Commission member Colleen Denbrock said the commission’s purpose is to uphold city code, according to the Oct. 8 planning and zoning commission meeting packet. Changes need to be made by city council, because the commission does not have that authority.

Following the final appeal to the commission, Farrington said he called each one of the city council members to ask for support. Murphy followed up their conversation by proposing an amendment to city code, he said.

Farrington said he is interested in how his request would be met if the city were operating as a home-rule city.

Anderson said issues such as the driveway expansion are some of the reasons the city is looking to move from first class general-law to home-rule, at the Nov. 12 council meeting. He said the laws were too prohibitive for the council to make exemptions in unique cases such as Farrington’s.

State law and local ordinances define the powers, duties and functions of general-law cities, according to the Alaska Department of Commerce. First class cities may exercise powers not prohibited by law.

“We want to get rid of those (state laws) and let the city set those up rather than be functioning under those rules, which I find to be onerous and non-applicable in a personal manner,” Anderson said in a previous Clarion article.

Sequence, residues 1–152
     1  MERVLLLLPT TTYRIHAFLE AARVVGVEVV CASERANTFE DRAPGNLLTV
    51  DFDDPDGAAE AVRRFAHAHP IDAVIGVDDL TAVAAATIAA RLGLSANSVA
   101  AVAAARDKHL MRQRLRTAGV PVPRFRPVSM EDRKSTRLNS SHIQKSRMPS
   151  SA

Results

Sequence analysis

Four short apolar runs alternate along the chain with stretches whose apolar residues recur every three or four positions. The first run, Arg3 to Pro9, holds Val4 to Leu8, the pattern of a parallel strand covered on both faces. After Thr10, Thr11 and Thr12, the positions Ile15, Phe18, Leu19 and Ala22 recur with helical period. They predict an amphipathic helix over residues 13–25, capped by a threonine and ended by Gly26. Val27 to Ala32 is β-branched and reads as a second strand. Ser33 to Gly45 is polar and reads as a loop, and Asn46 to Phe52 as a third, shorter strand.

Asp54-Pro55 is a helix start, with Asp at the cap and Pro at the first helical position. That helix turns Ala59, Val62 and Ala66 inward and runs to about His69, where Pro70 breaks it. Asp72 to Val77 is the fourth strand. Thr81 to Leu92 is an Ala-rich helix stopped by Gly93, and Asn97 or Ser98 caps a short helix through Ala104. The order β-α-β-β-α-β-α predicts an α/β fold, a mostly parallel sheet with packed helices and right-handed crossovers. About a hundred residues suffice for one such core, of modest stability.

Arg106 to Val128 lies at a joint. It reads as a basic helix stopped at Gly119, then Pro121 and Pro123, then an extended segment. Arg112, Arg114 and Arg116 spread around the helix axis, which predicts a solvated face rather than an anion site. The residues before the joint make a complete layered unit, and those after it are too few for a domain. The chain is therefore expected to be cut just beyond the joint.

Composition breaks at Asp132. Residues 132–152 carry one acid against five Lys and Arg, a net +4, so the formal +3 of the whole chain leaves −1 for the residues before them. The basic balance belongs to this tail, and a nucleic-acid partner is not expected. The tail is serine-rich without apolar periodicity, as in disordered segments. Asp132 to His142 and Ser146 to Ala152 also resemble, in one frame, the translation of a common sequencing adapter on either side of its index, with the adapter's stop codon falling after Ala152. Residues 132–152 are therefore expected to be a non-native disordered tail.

Farrington said he will attempt to get his name on the Feb. 3 special election ballot as a charter commission candidate. Commissioners will be responsible for drafting the charter the city would adopt if voters approve the move to home-rule.

The public hearing for amending the Soldotna Municipal Code to increase the maximum driveway width allowed in a residential district to 30 feet will be at 6 p.m. on Jan. 14, 2015.

 

Reach Kelly Sullivan at kelly.sullivan@peninsulaclarion.com.

More in News

The Seward welcome sign is photographed in July 2021. (Photo by Jeff Helminiak/Peninsula Clarion)
Seward vice mayor and council member resigns

The council accept the resignation of Tony Baclaan during its Monday night meeting.

Ben Mohr watches Kenai River Junior Classic participants head out to fish on the Kenai River in Soldotna, Alaska, on Wednesday, Aug. 11, 2021. (Camille Botello / Peninsula Clarion)